International fashion has contributed a great deal to African fashion. Since the days of District 6 we can see a correlation between international fashion and trends in South Africa. In comparison with African countries that required traditional garments to be worn by law, some SA designers could be accused of not being representative of their heritage but in our opinion there’s a space for all types of design to coexist harmoniously in the fashion utopia that we envision – Millbug!
Having an “online retail” setup, how far and wide has your product range travelled ie: where are some of your online shoppers from ? Any trends here ?
That’s the most awesome characteristic about this form of business, we are able to have a global presence from our Port Elizabeth based company. We get shoppers from all over the African continent; Nigeria, Cameroon, DRC, Ghana, Kenya, Uganda, Botswana, Mozambique to name a few. We get shoppers from Wales, England, Italy, Spain, Paris, Turkey, North America, South America, Australasia and East Asia. Colour Blocking has taken the world by storm, polychromatic and energetic. Stripes are in this season, bold black and white colours abound. Wonderfully vivid prints make unforgettable statements. Neon is undeniably trending right now.
Have you showcased your product range at any tradeshows/fashion “indabas” ? If yes, which ones and how was the experience and what was the outcome ? If no, do you plan on doing so ?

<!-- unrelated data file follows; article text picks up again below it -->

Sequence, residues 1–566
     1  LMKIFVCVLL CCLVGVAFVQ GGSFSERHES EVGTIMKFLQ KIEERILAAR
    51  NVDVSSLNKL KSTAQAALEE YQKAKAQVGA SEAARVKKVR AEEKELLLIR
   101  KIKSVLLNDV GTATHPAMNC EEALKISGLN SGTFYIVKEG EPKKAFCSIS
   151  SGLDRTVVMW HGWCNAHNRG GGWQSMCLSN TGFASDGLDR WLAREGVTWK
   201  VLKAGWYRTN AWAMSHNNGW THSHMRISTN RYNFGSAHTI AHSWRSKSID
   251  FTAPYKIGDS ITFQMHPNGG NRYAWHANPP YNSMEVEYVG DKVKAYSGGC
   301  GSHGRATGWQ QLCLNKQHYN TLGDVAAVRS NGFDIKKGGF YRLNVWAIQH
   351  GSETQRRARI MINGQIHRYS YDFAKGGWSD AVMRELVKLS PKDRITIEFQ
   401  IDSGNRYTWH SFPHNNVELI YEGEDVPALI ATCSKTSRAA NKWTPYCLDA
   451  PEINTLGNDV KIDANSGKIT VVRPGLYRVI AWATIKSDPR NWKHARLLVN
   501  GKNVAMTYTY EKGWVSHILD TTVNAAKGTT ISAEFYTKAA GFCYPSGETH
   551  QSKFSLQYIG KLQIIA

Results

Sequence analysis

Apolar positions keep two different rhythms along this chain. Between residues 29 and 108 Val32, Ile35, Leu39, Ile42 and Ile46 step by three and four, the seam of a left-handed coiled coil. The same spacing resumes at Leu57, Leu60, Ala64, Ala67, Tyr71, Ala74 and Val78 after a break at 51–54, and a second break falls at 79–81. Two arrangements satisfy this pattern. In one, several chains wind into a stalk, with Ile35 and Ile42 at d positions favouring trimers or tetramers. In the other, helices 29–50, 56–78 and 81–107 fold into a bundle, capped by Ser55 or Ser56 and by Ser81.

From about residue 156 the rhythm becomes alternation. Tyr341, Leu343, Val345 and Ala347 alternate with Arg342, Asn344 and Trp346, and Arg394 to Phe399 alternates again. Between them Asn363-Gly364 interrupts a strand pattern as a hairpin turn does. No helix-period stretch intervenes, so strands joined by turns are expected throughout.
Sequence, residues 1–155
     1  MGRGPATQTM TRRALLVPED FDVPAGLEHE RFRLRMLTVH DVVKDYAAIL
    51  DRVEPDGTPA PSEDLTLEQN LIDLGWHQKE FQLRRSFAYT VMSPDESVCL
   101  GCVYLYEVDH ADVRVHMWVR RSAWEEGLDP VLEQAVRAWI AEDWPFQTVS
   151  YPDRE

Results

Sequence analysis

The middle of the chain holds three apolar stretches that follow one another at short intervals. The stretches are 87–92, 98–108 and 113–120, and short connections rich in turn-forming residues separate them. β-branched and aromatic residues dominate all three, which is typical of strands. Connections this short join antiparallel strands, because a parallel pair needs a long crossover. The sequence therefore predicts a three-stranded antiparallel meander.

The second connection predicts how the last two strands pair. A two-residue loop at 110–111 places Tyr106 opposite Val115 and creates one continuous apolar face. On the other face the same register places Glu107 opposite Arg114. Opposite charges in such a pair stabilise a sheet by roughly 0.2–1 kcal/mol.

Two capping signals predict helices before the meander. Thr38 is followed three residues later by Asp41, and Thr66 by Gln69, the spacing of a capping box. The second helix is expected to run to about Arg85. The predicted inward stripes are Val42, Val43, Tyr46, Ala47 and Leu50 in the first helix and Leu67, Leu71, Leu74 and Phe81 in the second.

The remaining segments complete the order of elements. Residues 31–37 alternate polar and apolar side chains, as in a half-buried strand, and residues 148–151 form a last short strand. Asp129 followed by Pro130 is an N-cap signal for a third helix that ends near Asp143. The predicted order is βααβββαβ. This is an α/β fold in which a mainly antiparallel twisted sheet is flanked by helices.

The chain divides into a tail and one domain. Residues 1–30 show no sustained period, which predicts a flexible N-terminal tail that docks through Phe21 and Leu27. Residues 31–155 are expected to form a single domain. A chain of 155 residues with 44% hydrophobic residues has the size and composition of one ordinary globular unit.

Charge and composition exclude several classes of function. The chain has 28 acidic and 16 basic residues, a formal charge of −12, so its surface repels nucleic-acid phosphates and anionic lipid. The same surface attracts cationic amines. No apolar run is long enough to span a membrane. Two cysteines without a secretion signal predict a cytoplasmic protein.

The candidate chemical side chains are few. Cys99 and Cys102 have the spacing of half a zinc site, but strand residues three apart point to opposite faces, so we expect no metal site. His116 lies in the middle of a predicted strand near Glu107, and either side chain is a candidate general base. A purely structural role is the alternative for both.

We haven’t been to any fashion indabas yet but will be attending many expos and conventions from September 2012 onwards. Millbug (Pty) Ltd. is registered with the Nelson Mandela Bay Chamber of Commerce and this facilitates the initiative.
Do you have a “most popular” item ? What is it ?
Our most popular item right now is a classic red dress.
A brief run down of your product range ?
Our product range is bold, edgy yet elegant. We appeal mainly to millennials through clothing items that embody our motto, “Only The Unique Belong”.
Where to from here for Millbug ?
We have very clear goals for the future of Millbug. In the next 5 years, we will be the number one e-commerce company in Africa and 5 years after that we will be the biggest mcommerce company in the world. Most importantly, all this will be achieved without becoming douche-bags.
Thanks Sibelo. It is great to see young entrepreneurs such as yourselves giving it a crack in the online space. We wish you the best of luck!
Alexander McLeod is passionate about fostering entrepreneurship in South Africa. He has developed and is currently implementing independent School Entrepreneurship Programmes. As at 31 July 2012, he has had just over 100 learners from 6 different High Schools register for his programme. Alexander has just over 8 years experience in professional services having worked as a management consultant and project manager at reputable organisations such as Deloitte and Business Innovation Group. He has been running his own business, Water Berry, for about 2 years and has a core focus on entrepreneurial development. He is passionate about education and giving people the opportunity to live their dreams. View more articles by Alexander McLeod.